Saturday, November 5, 2011

Fables - an important part of growing up

Fables may not be the word I should be using here. Those who follow Christian tradition would probably be more apt to use the word parable. But whatever word you want to use, there are stories, very important short stories that parents need to go back to reading to their children.

Start with Aesop. He? She? was an incredibly wise person. They told stories of basic morality. Those stories made such an impact that they are still passed down from generation to generation. These fables included children, everyday workers, rich people, animals and a variety of mythological creatures. The short tales taught lessons about trust, foolishness, financial responsibility and respect.

In raising my children, the most prominent of Aesop's fables in my house was "The Boy Who Cried Wolf". One of my children had a habit of telling tall tales of their own imaginings. However, these stories were things that could have happened in real life to them and/or the people around them. More than once I was ready to jump to the defense, to call out someone for having done something bad or to reward the child for an accomplishment only to have them speak up in the last mintue to tell me that it was not true. Any time the child did this I told the story of the Boy Who Cried Wolf and explained that someday they could end up in a genuinely dangerous situation and no one would believe them. The child could end up injured, unjustly punished, or accepting praise meant for someone else. Sometimes I would pair the fable with the morality poem my parents had taught me; "Oh what a tangled web we weave when we first practice to decieve." This was to teach the child that once the first lie is told then another and another and another need to be created to keep the ruse going. Sooner or later we trip-up in the stories we have fabricated and call ourselves out.

Today it is so apparent that many adults raising children have not only forgotten these morality tales but they are definitely not teaching them to those children. In an era of anonymous electronic communication, children have far too many opportunities to deceive themselves, their families, their friends and total strangers. This deception is proving detrimental in so many ways.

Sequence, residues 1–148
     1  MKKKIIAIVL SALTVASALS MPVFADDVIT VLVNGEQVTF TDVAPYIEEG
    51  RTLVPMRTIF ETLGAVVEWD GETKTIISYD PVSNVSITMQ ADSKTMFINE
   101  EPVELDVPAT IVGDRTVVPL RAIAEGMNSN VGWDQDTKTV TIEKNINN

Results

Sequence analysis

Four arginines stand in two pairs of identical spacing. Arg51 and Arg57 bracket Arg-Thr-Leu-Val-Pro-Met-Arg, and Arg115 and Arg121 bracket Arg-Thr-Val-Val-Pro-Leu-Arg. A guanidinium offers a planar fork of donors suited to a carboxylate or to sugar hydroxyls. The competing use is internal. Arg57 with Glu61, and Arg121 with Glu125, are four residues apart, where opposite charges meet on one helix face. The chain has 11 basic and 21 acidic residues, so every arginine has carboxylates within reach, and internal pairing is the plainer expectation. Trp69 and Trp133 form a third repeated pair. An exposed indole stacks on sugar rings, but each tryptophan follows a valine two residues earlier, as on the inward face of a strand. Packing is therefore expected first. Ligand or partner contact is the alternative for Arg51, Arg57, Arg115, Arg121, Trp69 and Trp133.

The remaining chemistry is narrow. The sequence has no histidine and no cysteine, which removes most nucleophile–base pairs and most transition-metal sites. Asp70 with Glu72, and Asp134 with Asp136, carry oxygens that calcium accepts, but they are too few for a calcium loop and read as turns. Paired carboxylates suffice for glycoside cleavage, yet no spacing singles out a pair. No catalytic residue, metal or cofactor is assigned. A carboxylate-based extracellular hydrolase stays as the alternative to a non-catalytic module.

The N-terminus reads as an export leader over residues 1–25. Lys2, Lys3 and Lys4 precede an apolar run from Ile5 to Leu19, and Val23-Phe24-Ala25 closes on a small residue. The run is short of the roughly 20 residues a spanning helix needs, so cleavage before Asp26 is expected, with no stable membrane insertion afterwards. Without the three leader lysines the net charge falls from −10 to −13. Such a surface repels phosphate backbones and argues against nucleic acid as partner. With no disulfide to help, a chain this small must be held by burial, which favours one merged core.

Recently I, an a number of other people, experienced an exceptionally heinous game of "wolf crying". In this round a "teenager" successfully convinced strangers on the web that they are someone they are not and were trying to help a "friend" who was experiencing trauma due to sexual abuse.  By the time it was over, I believe this was someone who was incredibly starved for attention. One has to have enough empty free time to become bored enough to begin even considering such a scheme. If there were real life people interacting with them, they surely would not give something like this a second thought.

Fortunately in the situation, the person fabricating this hoax began to trip over their lies. They also had not not counted on the people they were playing getting suspicious enough to contact newspapers, hospitals, childre protection agencies and law enforcement.  The perpetrator became careless about details. Again, people who had been duped discovered photos of both the perpetrator and their "abused friend" were stock photos of random teens taken anywhere between 2003 and 2007.  As the ruse began to unravel they ran for cover, shutting down Facebook pages and Twitter accounts. They have not resurfaced using the identities of this scheme.

 Now here are the morals of these stories. First, this kind of behavior starts as soon as a child is old enough to understand "No". Parents must teach children that lying is a very bad thing. They also need to be taught respect and compassion from the very beginning. Next, young people have unsupervised access to the internet. It's a crazy place out there full of all kinds of crazy people who can tell bigger and better lies than a child. Kids are in danger on the net.

Here's a spot for another old story moral..."idle hands are the devil's playthings". Where this train really gets derailed is the damage these schemes do to children who are truly in danger and in need of help. With this kind of on-line behavior, people who can help become more and more skeptical about the validity of the cry for help. The child who is truly in an abusive household or being physically assaulted at school, etc. is sustaining more and more injury while the people who can take them away from it do days and days of research to find out the truth lest they respond to a hoax. We all know that if this goes too long or too far it could result in the death of a child. At that point, it is beyond too late. In the end, at best one child lies in a hospital bed fighting to live beyond grateful that someone heard the cry for help in time and believed it. Meanwhile the child who was one of many that slowed the response time walks away whistling, feeling no remorse. Will the wolf catch up to them some day? We can only hope and spread the word that parents need to pay attention. Watch and listen. Stop their kids when they find them crying "Wolf". Explain the danger they are putting themselves and others in. They may not be the only meal for the pack. They can leave weak prey unguarded to become dinner too.

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